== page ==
Then in December, in an attempt to shore up the economy, the government released funds for new capital investment through the Public Finance Corporation, aimed at small and medium-size startups. My company’s speedily prepared loan application was approved in January 1999 — so then it was back to the brewing-license application process. More letters, more forms and more silence from the bureaucrats.
Finally, in late April, the Tax Agency gave its provisional approval for construction of the brewery. Though the idea was to be up and running by August, we finally tapped the first brew, many crises later, on Nov. 7 — which just happened to be my 50th birthday. I am 53 years old now, but many more years the wiser, since I now know that obtaining a license to brew was just the beginning of the battle in the Japanese market.
Basically, for the amount of beer that people drink here, the average person has a limited knowledge of what Australians call “the amber nectar.” Although the first commercial brewer in Japan was the American William Copeland who, in 1870, founded what would become Kirin Beer, most Japanese associate the drink with Germany. What do you eat with beer? Sausage, of course. The idea of pairing different beers with different foods is virtually unknown. What color is beer? Yellow, of course. Everything any darker is kuro-biiru (black beer). At what temperature should beer be served? As cold as possible. Anything warmer than just above freezing is likely to draw complaints. Never mind the fact that deep chilling does not let the flavors of ale or stout come through. As a brewer of not only lager but also ale and stout, consumer education is a major hurdle to be overcome in pursuit of commercial success.
As well, the most common question I was asked out here in the mountains of Fukushima was: “What is local about your beer?” People wanted to know why I brewed it there when there was nothing distinctly “local” about it. In Tadami, most residents regarded my product as a tourist attraction, not something to consume every day — especially as the local maze of distributors helped jack up the price beyond what people wanted to pay.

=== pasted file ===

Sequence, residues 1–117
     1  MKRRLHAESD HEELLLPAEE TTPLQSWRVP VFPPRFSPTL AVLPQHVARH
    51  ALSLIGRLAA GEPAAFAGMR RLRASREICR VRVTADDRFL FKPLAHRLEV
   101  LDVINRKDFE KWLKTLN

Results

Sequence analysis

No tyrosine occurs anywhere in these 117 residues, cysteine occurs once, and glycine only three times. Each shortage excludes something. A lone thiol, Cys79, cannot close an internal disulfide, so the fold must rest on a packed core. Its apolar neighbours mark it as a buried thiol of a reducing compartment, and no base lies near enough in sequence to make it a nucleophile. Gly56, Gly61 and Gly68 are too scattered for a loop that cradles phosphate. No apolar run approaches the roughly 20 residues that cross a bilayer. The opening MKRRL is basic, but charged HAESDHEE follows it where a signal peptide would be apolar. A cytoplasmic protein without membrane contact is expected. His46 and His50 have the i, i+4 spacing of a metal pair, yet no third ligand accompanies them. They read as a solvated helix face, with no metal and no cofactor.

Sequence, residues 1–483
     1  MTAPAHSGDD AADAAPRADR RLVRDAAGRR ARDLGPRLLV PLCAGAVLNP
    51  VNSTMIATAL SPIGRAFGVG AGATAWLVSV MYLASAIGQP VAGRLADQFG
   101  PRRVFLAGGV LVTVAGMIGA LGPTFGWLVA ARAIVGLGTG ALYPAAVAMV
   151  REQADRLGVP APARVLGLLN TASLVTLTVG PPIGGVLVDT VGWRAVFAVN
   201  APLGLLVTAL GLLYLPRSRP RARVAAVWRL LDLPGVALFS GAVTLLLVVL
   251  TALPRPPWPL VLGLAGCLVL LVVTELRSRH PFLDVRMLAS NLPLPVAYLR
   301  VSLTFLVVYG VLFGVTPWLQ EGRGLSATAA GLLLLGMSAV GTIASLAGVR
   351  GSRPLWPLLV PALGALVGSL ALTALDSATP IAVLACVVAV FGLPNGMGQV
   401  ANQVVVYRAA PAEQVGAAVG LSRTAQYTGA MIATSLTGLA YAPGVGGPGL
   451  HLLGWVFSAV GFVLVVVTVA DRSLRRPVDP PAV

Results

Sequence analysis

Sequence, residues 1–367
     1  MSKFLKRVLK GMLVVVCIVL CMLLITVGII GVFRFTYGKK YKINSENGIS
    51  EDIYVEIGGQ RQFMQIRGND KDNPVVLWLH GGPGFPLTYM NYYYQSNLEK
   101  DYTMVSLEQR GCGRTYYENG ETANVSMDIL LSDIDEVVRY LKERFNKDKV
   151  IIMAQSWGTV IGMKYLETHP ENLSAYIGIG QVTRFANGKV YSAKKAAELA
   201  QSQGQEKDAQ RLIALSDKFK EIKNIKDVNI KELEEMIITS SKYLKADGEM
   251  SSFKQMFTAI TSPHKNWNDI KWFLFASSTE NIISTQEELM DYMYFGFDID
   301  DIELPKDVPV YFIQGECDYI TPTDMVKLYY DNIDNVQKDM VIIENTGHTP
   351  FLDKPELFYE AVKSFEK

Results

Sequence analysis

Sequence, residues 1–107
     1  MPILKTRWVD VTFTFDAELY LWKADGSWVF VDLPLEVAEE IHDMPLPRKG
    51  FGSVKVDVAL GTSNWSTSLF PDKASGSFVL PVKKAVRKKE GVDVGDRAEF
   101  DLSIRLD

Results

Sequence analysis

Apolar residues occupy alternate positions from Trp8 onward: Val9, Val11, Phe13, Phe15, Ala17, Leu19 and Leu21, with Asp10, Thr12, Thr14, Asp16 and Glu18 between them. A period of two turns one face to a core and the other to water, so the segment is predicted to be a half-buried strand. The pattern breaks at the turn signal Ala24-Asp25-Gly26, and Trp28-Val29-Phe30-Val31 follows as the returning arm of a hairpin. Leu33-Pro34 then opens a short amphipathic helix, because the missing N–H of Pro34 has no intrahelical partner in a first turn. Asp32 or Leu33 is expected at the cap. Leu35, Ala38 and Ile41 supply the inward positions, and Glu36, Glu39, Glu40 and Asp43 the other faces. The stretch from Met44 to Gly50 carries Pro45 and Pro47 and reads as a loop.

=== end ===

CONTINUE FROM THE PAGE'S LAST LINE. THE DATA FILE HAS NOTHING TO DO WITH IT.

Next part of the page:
Eventually I caved in and decided to brew a distinctly “local” product by developing my own buckwheat (soba) beer. It’s just another grain, like rice or barley, so why not? Actually, buckwheat thrives in the cold, rocky Tohoku region, which is well-known for its handmade soba noodles.
My efforts paid off, since our Buckwheat Brown Ale is now one of the most popular brews in the region! Amazingly, proprietors are serving it only slightly chilled and are not worried about a bit of haze since the beer is unfiltered. What a transformation in attitudes in just a few years! And what a testament to the perhaps surprising notion that the average Japanese consumer can be open to new things.
The consultant I hired to help with the license insisted that to sell beer in Japan, I would have to make it less bitter (use less hops) and brew it to suit Japanese taste preferences. Yet country folk in Tohoku are now drinking ale made with buckwheat, served at temperatures many Americans would call “warm.” Even with this small success, though, my mission is unaccomplished. I still have many years of debt to repay and many drinkers of ice-cold beer to convert.